According to researchers, it takes 66 days to form a new habit, so if you’re looking to ace your 2014 New Year’s resolution you needed to start, uh, yesterday.
But don’t worry if you’re not quite there yet. I’m not, either. My head’s chock full of all the things I still want to do with 2013. Like finish my summer novel, quit sugar for good, become a proper minimalist, and um, blog daily. With only 65 days to go I’m realizing a few early resolutions might not hurt.
A lot of people I know have simply resolved not to make resolutions. They’re just a set-up for failure, right? That doesn’t keep these people from wanting change in their own lives, of course, but it often keep them from seeing it. So whether you do it after Christmas or right now, the best way to change is to decide to. Here are a few tips on where to go from there:
- Be specific: “Eat healthy” is vague and can easily be manipulated to fit the whim of the moment. “No more cereal for breakfast” is quantifiable and hard to fudge.
- Make habits, not goals: “Eat an apple and yogurt for breakfast” is easy to do, and once you’ve done it again and again and again, you won’t even have think about it as you put your other
goalshabits in place for better living.
- Set up cues and responses: Bad habits are retained by mental cues that tell us to behave a certain way, e.g. “When I finish supper, turn on the television” or “If there’s chocolate, eat it.” Luckily, we can use cues to form good habits as well. In this case it’s “If it’s breakfast, eat an apple and yogurt” but it could easily be, “When I finish supper, go for an evening walk.”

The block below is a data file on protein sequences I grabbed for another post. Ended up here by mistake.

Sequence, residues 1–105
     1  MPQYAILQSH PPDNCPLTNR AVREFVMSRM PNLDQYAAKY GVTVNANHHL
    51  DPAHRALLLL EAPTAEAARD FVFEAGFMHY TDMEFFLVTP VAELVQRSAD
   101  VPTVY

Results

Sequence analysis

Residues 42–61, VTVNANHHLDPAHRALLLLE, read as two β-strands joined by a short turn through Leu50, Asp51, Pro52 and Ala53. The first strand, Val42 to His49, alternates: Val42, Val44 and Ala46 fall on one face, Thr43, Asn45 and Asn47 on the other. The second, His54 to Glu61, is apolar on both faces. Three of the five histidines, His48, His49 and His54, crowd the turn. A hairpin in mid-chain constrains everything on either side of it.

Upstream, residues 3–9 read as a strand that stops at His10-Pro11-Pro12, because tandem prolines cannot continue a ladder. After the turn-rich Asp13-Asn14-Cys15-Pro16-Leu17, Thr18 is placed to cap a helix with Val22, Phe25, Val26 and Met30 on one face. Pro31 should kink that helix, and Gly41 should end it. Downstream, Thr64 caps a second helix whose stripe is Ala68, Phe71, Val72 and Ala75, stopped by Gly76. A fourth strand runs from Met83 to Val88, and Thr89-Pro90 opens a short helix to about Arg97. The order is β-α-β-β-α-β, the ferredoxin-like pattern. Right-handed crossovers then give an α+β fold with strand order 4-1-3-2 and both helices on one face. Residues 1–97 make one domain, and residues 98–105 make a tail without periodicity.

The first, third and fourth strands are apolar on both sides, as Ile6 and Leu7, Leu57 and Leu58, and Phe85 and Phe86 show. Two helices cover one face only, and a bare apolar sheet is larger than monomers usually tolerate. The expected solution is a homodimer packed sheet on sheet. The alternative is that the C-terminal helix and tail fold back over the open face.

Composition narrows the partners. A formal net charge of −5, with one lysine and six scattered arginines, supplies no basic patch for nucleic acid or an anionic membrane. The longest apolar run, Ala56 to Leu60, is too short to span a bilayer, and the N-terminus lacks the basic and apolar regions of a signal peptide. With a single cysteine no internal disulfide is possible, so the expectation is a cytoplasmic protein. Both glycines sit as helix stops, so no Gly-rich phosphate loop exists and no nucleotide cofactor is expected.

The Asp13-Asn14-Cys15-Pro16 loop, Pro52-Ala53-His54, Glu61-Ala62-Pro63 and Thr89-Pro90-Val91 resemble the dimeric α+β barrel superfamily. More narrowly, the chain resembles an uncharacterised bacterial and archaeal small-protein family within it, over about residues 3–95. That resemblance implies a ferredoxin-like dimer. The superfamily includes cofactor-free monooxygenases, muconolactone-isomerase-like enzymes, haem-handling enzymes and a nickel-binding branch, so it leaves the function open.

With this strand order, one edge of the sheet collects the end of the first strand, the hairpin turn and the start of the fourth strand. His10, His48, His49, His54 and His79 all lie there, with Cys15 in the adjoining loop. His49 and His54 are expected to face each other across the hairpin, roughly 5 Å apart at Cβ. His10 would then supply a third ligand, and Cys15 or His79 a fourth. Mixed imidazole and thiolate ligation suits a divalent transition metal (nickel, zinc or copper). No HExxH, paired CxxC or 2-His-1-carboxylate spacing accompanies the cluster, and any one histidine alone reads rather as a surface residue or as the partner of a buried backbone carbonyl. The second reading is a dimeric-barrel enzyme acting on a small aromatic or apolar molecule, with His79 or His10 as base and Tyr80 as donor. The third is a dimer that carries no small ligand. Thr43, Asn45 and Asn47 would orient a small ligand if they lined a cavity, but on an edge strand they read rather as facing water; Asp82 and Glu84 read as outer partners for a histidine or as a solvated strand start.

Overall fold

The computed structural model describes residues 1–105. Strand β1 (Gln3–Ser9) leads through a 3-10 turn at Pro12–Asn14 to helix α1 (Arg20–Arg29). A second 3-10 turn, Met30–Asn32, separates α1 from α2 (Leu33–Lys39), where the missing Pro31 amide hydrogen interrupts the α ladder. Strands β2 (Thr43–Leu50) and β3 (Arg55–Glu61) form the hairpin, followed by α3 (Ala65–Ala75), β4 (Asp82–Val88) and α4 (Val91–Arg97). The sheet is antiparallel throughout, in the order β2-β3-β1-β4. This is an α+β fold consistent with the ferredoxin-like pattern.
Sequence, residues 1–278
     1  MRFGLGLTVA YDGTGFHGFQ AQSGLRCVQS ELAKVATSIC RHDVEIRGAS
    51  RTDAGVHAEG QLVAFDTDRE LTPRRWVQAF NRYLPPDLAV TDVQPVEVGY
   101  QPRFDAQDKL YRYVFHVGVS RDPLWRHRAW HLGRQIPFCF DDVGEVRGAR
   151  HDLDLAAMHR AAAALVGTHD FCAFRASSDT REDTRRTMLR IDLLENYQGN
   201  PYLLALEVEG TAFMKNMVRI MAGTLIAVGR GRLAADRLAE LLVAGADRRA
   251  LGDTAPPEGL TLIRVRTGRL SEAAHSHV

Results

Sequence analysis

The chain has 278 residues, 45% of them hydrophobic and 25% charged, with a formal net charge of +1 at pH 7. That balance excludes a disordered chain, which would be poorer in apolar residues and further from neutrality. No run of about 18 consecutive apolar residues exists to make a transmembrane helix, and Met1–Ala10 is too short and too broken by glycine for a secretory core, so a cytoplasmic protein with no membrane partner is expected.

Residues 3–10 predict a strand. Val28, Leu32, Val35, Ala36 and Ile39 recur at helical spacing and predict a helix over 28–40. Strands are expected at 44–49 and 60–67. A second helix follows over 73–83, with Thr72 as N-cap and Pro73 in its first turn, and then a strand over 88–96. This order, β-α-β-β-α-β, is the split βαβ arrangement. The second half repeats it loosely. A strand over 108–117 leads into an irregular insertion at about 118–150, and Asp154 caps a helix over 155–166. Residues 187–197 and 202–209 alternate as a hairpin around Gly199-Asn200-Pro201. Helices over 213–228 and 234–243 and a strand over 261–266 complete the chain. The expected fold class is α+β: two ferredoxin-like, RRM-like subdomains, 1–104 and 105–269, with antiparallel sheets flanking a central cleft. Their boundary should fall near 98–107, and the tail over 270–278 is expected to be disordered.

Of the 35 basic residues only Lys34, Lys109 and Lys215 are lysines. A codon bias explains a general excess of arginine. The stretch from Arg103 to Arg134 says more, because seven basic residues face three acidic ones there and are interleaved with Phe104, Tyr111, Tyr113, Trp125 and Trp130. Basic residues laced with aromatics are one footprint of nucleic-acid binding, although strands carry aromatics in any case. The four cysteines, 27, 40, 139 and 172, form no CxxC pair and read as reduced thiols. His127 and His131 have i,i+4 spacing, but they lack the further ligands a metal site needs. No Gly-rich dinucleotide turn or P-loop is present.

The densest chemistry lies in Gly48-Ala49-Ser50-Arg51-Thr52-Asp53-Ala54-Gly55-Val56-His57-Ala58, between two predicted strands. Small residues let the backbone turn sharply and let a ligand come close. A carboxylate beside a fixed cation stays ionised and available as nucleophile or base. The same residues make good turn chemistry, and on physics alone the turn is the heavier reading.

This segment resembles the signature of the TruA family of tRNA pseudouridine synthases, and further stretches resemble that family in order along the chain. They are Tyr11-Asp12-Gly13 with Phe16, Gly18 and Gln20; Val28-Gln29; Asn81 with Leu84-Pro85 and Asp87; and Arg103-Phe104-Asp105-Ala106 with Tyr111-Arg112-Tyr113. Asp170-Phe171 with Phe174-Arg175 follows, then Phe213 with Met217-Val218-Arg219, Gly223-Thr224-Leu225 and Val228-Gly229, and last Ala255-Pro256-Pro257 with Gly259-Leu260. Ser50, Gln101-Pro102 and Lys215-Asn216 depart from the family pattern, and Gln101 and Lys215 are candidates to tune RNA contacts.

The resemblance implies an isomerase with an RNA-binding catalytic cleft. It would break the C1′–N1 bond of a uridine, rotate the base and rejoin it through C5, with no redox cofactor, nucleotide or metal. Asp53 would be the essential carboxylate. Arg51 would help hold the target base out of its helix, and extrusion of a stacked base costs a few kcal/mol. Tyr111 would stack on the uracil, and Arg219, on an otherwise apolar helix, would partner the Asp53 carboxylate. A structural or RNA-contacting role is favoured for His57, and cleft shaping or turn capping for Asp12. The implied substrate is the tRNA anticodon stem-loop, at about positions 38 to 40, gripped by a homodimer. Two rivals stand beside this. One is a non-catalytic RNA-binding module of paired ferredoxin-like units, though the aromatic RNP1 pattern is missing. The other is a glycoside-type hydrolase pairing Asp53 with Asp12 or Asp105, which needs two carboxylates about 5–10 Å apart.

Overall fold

- Make the habit of making habits: Eating something different for breakfast doesn’t sound like a very worthy resolution for the start of a new year, but as you begin to see change as a process, you can implement new habits progressively to achieve your goal. In February you can begin your evening walks, and in March, “If there’s chocolate, drink a glass of water.”
- Believe it will get easier: Willpower begets willpower. 12 months later, when you’re running 20 minutes every morning before your first coffee, you won’t believe how hard it was to go that first week without Frosted Flakes.
At the end of 2011, I wrote a list of 6 areas of my life I wanted to grow in. Three were external, and 3 internal. For each of these I decided on monthly, weekly, and daily habits to acquire. In the second week of 2012, I moved house and lost the notebook where I had written all this down. What I remembered was the habits I had already begun, and I continued to build on them. When I found the notebook again in October, I’d already overshot almost all of my goals for the year.
The power of habit.